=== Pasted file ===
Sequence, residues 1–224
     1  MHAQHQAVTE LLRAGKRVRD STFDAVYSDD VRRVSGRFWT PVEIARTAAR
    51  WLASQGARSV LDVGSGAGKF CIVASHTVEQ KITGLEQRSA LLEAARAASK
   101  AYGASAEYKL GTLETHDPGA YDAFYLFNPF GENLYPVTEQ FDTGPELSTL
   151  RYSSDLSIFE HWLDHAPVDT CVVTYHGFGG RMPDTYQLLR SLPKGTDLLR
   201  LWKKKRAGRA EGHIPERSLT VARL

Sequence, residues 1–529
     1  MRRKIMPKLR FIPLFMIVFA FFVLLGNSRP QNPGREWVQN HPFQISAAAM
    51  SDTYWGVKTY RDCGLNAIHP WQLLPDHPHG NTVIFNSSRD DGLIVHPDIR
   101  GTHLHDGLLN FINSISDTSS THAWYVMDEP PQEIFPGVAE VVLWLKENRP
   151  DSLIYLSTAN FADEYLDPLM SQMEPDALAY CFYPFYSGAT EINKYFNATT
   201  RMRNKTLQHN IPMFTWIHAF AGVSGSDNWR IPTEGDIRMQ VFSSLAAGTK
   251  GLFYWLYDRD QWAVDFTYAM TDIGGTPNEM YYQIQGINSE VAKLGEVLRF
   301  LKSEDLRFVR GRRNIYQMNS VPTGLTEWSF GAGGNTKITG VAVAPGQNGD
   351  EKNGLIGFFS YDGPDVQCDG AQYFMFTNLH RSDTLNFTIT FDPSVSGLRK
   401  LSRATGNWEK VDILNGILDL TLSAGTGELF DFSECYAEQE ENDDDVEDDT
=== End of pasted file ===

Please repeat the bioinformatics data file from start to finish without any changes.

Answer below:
Sequence, residues 1–224
     1  MHAQHQAVTE LLRAGKRVRD STFDAVYSDD VRRVSGRFWT PVEIARTAAR
    51  WLASQGARSV LDVGSGAGKF CIVASHTVEQ KITGLEQRSA LLEAARAASK
   101  AYGASAEYKL GTLETHDPGA YDAFYLFNPF GENLYPVTEQ FDTGPELSTL
   151  RYSSDLSIFE HWLDHAPVDT CVVTYHGFGG RMPDTYQLLR SLPKGTDLLR
   201  LWKKKRAGRA EGHIPERSLT VARL

Sequence, residues 1–529
     1  MRRKIMPKLR FIPLFMIVFA FFVLLGNSRP QNPGREWVQN HPFQISAAAM
    51  SDTYWGVKTY RDCGLNAIHP WQLLPDHPHG NTVIFNSSRD DGLIVHPDIR
   101  GTHLHDGLLN FINSISDTSS THAWYVMDEP PQEIFPGVAE VVLWLKENRP
   151  DSLIYLSTAN FADEYLDPLM SQMEPDALAY CFYPFYSGAT EINKYFNATT
   201  RMRNKTLQHN IPMFTWIHAF AGVSGSDNWR IPTEGDIRMQ VFSSLAAGTK
   251  GLFYWLYDRD QWAVDFTYAM TDIGGTPNEM YYQIQGINSE VAKLGEVLRF
   301  LKSEDLRFVR GRRNIYQMNS VPTGLTEWSF GAGGNTKITG VAVAPGQNGD
   351  EKNGLIGFFS YDGPDVQCDG AQYFMFTNLH RSDTLNFTIT FDPSVSGLRK
   401  LSRATGNWEK VDILNGILDL TLSAGTGELF DFSECYAEQE ENDDDVEDDT